The sentence including Ephesians 5:22 actually starts at 5:18. Paul commands all believers, “Be filled with the Holy Spirit,” followed by examples of what people do who are filled with the Spirit, concluding with 5:21, “submitting to one another out of reverence for Christ …”
Paul states that mutual submission is required of all believers. He continues this sentence in 5:22, “wives to your own husbands” without adding the verb “submit.” The NIV paragraph break after verse 21 is in the middle of a sentence. This is not justified. It makes no sense for a new paragraph to begin, “Wives to your own husbands” with no verb. Splitting this sentence into two paragraphs separates “wives to your own husbands” from the context Paul gives it -- namely mutual submission.
Originally there was no verb in Ephesians 5:22. The earliest manuscripts of Ephesians 5:22 (including Vaticanus) do not include the verb “submit.” Nor does its citations by Clement of Alexandria (Stromata 4.8.64), Origen, and Theodore of Mopsuestia. Jerome even writes that in Greek manuscripts verse 22 never repeats the verb “submit” from verse 21. Virtually all editions of the Greek New Testament omit “submit”: NA, UBS, Nestle, Westcott-Hort, Tasker, Souter, Alford, Tischendorf. The inclusion of “submit” in The Greek New Testament Produced at Tyndale House Cambridge is inconsistent with its aim “to present the New Testament books in the earliest form in which they are well attested,” p. vii. The United Bible Societies’ text ranks the omission of “submit” as “almost certain.” The view that “submit” was originally in the text and that all the earliest manuscripts of this passage and citations of it removed “submit” must not be true, because once “submit” first appears in the text of Sinaiticus circa 360 AD, no scribe ever removed it. The missing verb must be implied from Ephesians 5:21’s “submitting to one another out of reverence for Christ.” The command that wives submit to their husbands, therefore, should be understood in the context of mutual submission. This context requires that husbands, too, should submit to their wives.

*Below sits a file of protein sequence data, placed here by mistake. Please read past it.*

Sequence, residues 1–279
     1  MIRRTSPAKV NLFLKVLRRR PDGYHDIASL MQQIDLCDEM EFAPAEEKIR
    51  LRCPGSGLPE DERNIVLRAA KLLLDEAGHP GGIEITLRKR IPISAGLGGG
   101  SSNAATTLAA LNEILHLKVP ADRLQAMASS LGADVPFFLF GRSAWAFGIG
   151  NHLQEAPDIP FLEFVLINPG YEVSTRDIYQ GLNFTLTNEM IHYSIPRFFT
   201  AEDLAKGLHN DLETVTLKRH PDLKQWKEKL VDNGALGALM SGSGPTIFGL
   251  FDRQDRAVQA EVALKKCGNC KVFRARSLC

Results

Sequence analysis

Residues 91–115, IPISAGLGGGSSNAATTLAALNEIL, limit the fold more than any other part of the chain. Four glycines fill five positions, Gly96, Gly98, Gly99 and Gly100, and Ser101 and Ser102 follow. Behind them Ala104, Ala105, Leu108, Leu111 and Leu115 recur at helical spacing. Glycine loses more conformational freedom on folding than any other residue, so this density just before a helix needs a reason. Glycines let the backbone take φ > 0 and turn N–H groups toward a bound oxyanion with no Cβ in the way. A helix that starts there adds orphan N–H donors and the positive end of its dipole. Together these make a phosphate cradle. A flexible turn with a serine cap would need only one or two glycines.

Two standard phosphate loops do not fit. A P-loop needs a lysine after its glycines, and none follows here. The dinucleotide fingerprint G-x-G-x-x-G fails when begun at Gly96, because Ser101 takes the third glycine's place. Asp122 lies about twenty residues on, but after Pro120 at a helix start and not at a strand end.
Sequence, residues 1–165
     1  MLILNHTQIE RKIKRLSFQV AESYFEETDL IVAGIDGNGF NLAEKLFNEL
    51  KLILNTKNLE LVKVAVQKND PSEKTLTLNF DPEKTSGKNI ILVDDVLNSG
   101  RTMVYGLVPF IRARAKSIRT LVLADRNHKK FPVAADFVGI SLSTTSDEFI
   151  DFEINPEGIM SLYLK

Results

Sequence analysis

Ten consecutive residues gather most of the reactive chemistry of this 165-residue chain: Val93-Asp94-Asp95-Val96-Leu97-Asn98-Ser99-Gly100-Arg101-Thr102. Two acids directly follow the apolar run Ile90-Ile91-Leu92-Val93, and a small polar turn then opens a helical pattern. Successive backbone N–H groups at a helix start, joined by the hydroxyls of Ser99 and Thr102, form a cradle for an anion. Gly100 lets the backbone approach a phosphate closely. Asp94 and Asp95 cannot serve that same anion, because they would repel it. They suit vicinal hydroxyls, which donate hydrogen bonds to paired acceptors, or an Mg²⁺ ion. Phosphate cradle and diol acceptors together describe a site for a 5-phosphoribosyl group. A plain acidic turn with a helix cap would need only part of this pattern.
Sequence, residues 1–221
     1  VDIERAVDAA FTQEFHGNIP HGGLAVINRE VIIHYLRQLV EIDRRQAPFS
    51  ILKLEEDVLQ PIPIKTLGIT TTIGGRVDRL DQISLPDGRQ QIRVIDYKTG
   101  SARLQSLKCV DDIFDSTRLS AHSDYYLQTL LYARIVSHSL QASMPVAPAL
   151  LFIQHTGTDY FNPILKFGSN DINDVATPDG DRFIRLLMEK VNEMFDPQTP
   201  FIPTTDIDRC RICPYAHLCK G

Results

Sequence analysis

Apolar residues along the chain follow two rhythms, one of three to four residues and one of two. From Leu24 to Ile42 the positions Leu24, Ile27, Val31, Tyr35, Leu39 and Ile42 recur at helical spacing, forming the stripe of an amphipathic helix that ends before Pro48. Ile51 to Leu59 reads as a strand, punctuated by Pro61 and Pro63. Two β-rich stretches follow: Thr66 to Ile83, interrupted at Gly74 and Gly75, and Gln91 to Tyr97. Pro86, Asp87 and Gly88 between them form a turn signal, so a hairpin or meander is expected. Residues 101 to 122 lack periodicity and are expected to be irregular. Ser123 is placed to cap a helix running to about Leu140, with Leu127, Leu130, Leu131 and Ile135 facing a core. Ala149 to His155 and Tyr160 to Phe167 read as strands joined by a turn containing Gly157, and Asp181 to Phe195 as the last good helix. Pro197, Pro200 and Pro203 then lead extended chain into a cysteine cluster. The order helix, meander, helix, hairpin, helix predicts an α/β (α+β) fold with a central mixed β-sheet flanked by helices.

In this chapter, Paul calls all Christians to mutual submission and sacrificial love. Since Ephesians 5:21 uses the reciprocal pronoun, it cannot refer to submission to superior rank. Rather, it is about “submission in the sense of voluntary yielding in love” (BDAG 1042 1.b.β.). This includes husbands and wives within their marriages. Paul’s words are crafted to fit the Greco-Roman households he addresses. Paul encourages wives to respect the man who provides them with food, shelter, clothing, companionship, and love. But this does not exempt them from loving their husbands. Husbands then, like husbands today, could be emotionally distant and have their separate worlds. They needed to be told to love their wives, and this applies to husbands today. But this does not exempt them from respecting their wives. Paul does not give any command here in Ephesians 5 that applies only to husbands (and not to wives) or applies only to wives (and not to husbands).
In sharp contrast to patriarchal Greco-Roman “household tables,” which directly address only the father of the family and assign him final authority in the household, Paul addresses all members of the household and calls all to be accountable to Christ. He tells husbands to love their wives self-sacrificially and masters to treat their slaves justly and with equality (isotēs, Col. 4:1). He forbids masters from threatening their slaves and reminds them that there is no favoritism with God (Eph. 6:9; Col. 3:25). These statements by Paul undermine the foundation of Greco-Roman patriarchy -- that male masters are superior to females and slaves. Paul’s Christ-centered reframing subverts their Greco-Roman hierarchical purpose.
Paul’s closely parallel wording in Ephesians 5:23 and 1 Corinthians 11:3 favors the translation, “because man [Adam, not “the” husband] is the source of the woman [not “his” wife].” Respect for man as woman’s source can motivate a wife to submit. As explained in my previous op-ed article, “authority” was not an established meaning of “head” in the Greek of Paul’s day like it is in English, but “source” was. “Source” is also what Paul means by “head” in the Eph. 4:15–16, Col 1:18, “he is the head of the body, the church, who is its source [archē],” and 2:19).